Evolution
Fact sheet Title
  • The HMS Beagle began her second voyage around the world on December 27, 1831, from the port of Plymouth in southern England. (Her first voyage lasted from May 1826 to October 1830, while her third and last voyage was from 1837 to 1843.) The goal of the expedition was to gather hydrographical data from the southern hemisphere, along with other information about winds, marine currents, geography, plants, animals, and, of course, cultures from these as yet little-known regions.

  • From 1831 to 1836, a young Englishman named Charles Darwin (1809–1882) set sail aboard the hydrological vessel HMS Beagle on a voyage around the world.

  • Natural selection is the process by which traits (physical and/or behavioural) that increase a species’ chances of survival and reproduction become more frequent over the generations, transmitted through heredity from parents to young.

Origine
Fact sheet Title
  • Mysteries of the Earth’s formation
    Planets are born when stars form. Our planet, Earth, formed at the same time as the Sun. Before the Sun came into being, a huge cloud of gas and dust (the pre-solar nebula) occupied the area where the solar system would be born.

  • Among the many star-forming nebulae that have been identified to date, the Orion Nebula is the closest to Earth, at about 1,345 light-years away. On a dark winter night in areas spared the light pollution of big cities, it can be seen with the naked eye in the middle of the constellation of Orion.

  • This illustration shows what the early Solar System looked like. It shows the young Sun, surrounded by a disc of dust and gas that would eventually condense to form the rocky and gaseous planets.

  • Extremophiles come in many forms. For example, there are those that exist in the polar deepfreezes, those that survive in extremely dry conditions, those that thrive in highly acidic or saline environments, those that withstand to great pressure, and those that endure high levels of radiation.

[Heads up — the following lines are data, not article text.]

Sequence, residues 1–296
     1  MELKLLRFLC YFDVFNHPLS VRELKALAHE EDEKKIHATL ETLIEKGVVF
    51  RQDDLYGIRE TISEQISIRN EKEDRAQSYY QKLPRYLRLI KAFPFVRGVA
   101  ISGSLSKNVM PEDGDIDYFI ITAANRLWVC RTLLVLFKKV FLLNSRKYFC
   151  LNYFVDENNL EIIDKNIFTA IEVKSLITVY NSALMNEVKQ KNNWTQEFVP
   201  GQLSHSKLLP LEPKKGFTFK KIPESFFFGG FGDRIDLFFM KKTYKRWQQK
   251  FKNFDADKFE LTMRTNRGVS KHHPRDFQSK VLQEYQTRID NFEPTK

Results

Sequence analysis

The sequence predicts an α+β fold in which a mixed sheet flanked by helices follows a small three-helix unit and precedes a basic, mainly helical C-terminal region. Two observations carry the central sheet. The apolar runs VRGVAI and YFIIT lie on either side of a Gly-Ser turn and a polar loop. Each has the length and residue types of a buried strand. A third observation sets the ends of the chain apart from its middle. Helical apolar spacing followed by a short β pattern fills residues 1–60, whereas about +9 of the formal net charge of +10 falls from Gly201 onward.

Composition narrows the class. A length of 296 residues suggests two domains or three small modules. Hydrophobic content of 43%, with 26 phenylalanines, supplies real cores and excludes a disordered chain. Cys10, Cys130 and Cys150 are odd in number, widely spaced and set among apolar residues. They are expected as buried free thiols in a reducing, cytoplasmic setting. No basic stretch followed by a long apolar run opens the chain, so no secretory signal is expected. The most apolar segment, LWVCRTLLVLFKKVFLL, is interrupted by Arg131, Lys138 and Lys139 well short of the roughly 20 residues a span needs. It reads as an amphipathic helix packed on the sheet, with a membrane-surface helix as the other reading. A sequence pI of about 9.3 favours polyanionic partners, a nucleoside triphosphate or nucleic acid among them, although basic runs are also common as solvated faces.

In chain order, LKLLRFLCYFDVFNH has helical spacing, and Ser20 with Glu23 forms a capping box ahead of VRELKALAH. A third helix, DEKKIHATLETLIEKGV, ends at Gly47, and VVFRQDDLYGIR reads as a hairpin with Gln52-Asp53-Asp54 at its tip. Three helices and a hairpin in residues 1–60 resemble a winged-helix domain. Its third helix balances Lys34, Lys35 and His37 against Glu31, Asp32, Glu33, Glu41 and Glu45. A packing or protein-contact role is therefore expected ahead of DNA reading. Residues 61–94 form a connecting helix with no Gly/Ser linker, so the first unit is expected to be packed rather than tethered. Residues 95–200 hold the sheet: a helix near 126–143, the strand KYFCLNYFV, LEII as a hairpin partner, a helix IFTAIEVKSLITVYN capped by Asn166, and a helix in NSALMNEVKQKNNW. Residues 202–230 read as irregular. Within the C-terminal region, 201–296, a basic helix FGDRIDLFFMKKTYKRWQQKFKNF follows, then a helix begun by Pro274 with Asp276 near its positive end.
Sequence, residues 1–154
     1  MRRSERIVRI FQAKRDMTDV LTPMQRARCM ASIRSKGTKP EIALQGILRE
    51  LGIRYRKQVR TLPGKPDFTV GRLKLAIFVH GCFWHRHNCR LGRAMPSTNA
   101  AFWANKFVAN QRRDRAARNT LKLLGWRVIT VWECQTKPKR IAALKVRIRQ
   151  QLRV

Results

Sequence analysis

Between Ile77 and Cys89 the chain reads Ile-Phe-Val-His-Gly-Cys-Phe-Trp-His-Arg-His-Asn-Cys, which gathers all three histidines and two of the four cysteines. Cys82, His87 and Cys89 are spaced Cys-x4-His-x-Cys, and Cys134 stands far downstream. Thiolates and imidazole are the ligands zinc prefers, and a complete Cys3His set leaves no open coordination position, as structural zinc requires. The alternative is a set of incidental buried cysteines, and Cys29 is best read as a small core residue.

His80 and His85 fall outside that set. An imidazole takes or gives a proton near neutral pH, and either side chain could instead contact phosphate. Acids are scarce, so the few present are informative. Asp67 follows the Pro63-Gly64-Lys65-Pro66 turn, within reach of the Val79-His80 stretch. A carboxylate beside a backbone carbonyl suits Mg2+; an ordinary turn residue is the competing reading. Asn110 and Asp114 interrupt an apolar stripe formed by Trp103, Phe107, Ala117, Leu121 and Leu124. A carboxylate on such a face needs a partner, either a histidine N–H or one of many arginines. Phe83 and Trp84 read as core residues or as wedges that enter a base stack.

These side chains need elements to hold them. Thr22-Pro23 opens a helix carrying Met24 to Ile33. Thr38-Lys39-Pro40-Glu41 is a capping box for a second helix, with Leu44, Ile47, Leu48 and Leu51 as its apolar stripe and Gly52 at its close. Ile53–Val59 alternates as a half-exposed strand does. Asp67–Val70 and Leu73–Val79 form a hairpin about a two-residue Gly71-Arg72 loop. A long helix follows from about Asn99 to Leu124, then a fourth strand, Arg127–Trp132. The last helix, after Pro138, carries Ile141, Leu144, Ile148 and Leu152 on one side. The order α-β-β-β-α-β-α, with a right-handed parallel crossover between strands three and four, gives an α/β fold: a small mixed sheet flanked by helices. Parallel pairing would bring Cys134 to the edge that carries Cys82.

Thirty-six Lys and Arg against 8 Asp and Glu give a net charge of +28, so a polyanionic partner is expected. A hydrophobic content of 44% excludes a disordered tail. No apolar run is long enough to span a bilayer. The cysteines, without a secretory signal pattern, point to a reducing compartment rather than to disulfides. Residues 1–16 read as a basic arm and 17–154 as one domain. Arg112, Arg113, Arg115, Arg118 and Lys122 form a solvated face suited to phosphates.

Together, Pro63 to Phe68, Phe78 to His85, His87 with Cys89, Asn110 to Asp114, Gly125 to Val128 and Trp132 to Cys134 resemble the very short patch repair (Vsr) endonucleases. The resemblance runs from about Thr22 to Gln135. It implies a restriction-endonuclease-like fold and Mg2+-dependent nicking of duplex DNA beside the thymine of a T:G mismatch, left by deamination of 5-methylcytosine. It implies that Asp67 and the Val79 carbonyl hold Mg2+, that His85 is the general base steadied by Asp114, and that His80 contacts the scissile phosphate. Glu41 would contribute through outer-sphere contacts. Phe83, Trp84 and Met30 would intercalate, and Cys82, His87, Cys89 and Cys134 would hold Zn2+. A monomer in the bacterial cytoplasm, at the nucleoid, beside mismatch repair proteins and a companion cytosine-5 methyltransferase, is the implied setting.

• The HMS Beagle began her second voyage around the world on December 27, 1831, from the port of Plymouth in southern England. (Her first voyage lasted from May 1826 to October 1830, while her third and last voyage was from 1837 to 1843.) The goal of the expedition was to gather hydrographical data from the southern hemisphere, along with other information about winds, marine currents, geography, plants, animals, and, of course, cultures from these as yet little-known regions.

  • From 1831 to 1836, a young Englishman named Charles Darwin (1809–1882) set sail aboard the hydrological vessel HMS Beagle on a voyage around the world.

  • One of the major scientific discoveries of the 20th century was made by Alfred Wegener (1880–1930), a meteorologist who began to formulate the theory of continental drift 100 years ago (starting in 1912). This theory posits that the earth’s crust is divided into plates, a little like the broken shell of an egg, and that these plates drift on masses of rock in the earth’s hot mantle that slowly move through convection.

  • Natural selection is the process by which traits (physical and/or behavioural) that increase a species’ chances of survival and reproduction become more frequent over the generations, transmitted through heredity from parents to young.

  • The earth’s history is marked by long periods of stability punctuated by sudden changes (on a geological scale) and often catastrophic events (for the ecosystems in place). This history is told by fossils, rocks, and indicators that tell us about past climatic conditions. This geological timeline is a good illustration of this history; it is divided into chapters.

biosphere
Fact sheet Title
  • Before talking about a subject as broad as biodiversity, it’s important to understand a few important words that appear frequently on this site. These words correspond to ideas, these ideas express realities, and these realities make up the world around us.

reference
Fact sheet Title
  • The earth’s history is marked by long periods of stability punctuated by sudden changes (on a geological scale) and often catastrophic events (for the ecosystems in place). This history is told by fossils, rocks, and indicators that tell us about past climatic conditions. This geological timeline is a good illustration of this history; it is divided into chapters.

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